Overview of the engineering and manufacturing sector in the UK
Engineers are in extremely high demand; between now and 2022, more than one million job vacancies will require engineering skills
What areas of engineering and manufacturing can I work in?
According to EngineerJobs, there are many branches of engineering. These are:
- building services;
- computing and IT;
- facilities management;
- health and safety;
- instrumentation and control systems;
- petroleum, oil and gas;
- project management;
- research and development;
- telecoms, digital communications and networks;
Industries that require suitably qualified engineering and manufacturing graduates include space, music, nuclear, biotechnology, pharmaceuticals, and automation and robotics. The food and drink industry is the UK's largest single engineering and manufacturing sector, employing more than 400,000 workers.
Mechanical, electrical, electronic, chemical and software engineers are particularly sought after, with design, production and maintenance opportunities existing in numerous industries. Science and pharmaceutical companies employ large numbers of people in research and development.
For more examples of job roles in this sector, see graduate jobs in engineering and manufacturing.
Who are the main graduate employers?
Graduates are employed by large companies, including:
- Airbus, BAE Systems and Thales Group (aerospace industry);
- Ford, Jaguar Land Rover and Rolls-Royce (automotive industry);
- Heinz, Mondelēz International and Nestlé (food and drink industry);
- BP, ExxonMobil and Schlumberger (oil and gas industry).
Other large companies that recruit engineers include P&G, Siemens and GlaxoSmithKline (GSK).
Despite this, the engineering and manufacturing sector is dominated by small and medium-sized enterprises (SMEs). Most graduates of this discipline, therefore, work in smaller organisations.
What's it like working in the sector?
Graduates can expect to:
- enjoy continuing professional development (CPD), perhaps working towards becoming a Chartered Engineer (CEng) or Incorporated Engineer (IEng);
- receive an average starting salary of around £27,000;
- use their creativity and problem-solving skills to design innovative products or tackle some of the world's most pressing challenges;
- work differing hours depending on the role, with some projects and assignments - such as disaster relief work - requiring greater flexibility;
- work in differing environments depending on the industry, with work locations including laboratories, hospitals, offices and factories;
- work in multidisciplinary teams with colleagues from different job sectors and backgrounds.
To find out more about typical salaries and working conditions in your chosen career, see job profiles.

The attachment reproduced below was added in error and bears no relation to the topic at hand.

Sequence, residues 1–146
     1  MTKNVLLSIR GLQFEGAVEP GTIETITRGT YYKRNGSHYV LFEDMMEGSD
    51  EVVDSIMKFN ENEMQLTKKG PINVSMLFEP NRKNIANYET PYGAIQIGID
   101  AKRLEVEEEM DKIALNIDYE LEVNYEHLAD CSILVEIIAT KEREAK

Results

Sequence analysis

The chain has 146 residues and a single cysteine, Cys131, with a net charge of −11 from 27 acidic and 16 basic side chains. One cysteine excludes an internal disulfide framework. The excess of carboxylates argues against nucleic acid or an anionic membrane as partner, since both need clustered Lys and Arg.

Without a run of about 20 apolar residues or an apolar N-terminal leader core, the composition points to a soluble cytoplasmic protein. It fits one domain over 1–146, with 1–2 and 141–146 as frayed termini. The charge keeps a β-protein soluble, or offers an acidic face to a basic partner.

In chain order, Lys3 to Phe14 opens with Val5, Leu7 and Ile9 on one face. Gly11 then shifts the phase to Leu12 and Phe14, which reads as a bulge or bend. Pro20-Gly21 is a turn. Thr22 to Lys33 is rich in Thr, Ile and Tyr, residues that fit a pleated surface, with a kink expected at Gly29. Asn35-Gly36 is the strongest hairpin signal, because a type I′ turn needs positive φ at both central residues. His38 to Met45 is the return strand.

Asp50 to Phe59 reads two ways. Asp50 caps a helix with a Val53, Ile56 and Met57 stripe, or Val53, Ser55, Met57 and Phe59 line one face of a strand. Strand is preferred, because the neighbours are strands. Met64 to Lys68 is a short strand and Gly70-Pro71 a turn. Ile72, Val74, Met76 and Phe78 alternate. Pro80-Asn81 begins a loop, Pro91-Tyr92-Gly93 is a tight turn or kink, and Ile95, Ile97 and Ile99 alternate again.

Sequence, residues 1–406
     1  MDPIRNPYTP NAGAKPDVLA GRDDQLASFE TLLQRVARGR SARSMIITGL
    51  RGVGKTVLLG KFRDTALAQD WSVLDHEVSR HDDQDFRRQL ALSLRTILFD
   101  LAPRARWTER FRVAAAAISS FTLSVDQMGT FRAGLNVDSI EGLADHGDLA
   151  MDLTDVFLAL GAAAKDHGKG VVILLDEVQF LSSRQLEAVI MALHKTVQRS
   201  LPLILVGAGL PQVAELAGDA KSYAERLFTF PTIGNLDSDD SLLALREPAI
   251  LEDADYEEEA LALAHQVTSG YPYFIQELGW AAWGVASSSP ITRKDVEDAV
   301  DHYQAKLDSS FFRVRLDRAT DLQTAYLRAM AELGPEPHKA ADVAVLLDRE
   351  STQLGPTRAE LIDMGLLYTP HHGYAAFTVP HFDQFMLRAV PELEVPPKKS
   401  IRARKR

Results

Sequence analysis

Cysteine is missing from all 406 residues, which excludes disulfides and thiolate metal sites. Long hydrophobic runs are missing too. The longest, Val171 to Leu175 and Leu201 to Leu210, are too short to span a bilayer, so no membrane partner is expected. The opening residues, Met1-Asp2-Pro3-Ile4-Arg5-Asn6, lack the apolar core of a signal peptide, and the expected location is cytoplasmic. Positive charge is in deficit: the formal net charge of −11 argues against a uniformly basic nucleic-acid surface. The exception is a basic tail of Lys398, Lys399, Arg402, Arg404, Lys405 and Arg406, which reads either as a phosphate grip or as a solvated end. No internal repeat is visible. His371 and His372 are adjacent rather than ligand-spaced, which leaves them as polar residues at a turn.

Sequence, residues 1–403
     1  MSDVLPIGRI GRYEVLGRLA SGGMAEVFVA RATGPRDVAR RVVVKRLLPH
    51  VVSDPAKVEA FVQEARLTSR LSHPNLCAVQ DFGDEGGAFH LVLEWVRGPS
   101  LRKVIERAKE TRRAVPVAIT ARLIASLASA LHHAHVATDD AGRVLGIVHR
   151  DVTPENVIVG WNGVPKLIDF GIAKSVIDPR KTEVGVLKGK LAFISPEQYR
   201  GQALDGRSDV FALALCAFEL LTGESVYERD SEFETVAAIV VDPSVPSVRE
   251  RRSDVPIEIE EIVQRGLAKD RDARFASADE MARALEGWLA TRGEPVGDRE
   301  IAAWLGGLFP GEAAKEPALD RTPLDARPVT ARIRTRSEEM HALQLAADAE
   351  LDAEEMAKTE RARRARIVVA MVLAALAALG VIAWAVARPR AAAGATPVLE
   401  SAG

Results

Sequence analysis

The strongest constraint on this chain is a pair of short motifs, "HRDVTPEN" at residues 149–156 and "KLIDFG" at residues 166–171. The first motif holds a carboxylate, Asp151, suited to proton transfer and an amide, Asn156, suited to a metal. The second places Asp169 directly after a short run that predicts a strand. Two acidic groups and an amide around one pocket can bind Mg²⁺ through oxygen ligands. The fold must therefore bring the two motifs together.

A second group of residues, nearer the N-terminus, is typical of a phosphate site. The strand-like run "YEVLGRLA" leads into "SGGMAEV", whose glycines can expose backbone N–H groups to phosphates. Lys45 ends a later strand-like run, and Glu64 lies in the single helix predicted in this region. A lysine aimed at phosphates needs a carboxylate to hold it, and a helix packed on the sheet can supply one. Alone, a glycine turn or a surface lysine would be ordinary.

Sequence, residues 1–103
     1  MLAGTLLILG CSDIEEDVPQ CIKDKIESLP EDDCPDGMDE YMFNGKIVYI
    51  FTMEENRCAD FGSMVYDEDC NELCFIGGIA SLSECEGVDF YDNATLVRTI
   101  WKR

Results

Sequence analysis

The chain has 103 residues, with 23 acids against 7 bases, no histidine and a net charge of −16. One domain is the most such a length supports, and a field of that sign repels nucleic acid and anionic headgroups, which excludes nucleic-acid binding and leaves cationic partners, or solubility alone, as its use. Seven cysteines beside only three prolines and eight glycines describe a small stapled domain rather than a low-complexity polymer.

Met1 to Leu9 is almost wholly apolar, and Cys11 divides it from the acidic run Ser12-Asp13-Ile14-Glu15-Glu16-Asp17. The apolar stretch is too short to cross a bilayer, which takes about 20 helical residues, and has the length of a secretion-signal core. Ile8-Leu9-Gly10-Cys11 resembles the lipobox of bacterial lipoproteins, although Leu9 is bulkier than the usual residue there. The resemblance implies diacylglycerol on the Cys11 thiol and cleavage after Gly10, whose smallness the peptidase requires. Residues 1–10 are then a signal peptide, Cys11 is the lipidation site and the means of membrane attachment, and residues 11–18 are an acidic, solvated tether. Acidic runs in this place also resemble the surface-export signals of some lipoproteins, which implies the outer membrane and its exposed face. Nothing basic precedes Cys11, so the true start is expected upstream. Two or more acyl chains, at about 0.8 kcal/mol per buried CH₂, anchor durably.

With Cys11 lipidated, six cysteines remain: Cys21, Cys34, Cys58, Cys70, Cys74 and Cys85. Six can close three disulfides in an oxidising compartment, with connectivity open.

What are the key issues in the engineering and manufacturing sector?
According to Engineering UK 2016, engineering accounts for around a quarter of UK turnover, with around 5.4 million people employed within the sector. An additional 257,000 new recruits are required by 2022 to meet skills needs, and this has the potential to generate an additional £27billion per year for the economy.
However, the UK education system doesn't currently have the capacity or rate of growth required to meet this demand - there are currently only half as many graduates as employers need. This means that job prospects for graduates in engineering and manufacturing are fantastic.
Sectors that are enjoying particularly impressive levels of growth include:
- Aerospace - Estimates suggest that there'll be global demand for 27,000 new passenger planes and 40,000 new commercial helicopters by 2031.
- Chemicals - This directly employs more than 110,000 people in companies dealing with household products, food, medicine and process technologies.
- Petroleum, oil and gas - The Institute of Directors (IoD) claims that shale gas production could create 74,000 jobs by 2030.
- Space - This industry has an average annual growth rate of 7.5%.
Other expanding areas of work include: renewable energy, finding sustainable ways to grow food, build houses and travel; advances in medical technology for an ageing population; and research and development into the use of automation and robotics.
Indeed, the pace of technological development is such that many of the jobs that engineers will be doing in a decade don't yet exist. Think back ten years: who would've known what an app developer was?
The essential guide to the sector
Take a look at the latest graduate opportunities, discover what challenges the engineering sector is facing and what it's doing to address the gender imbalance.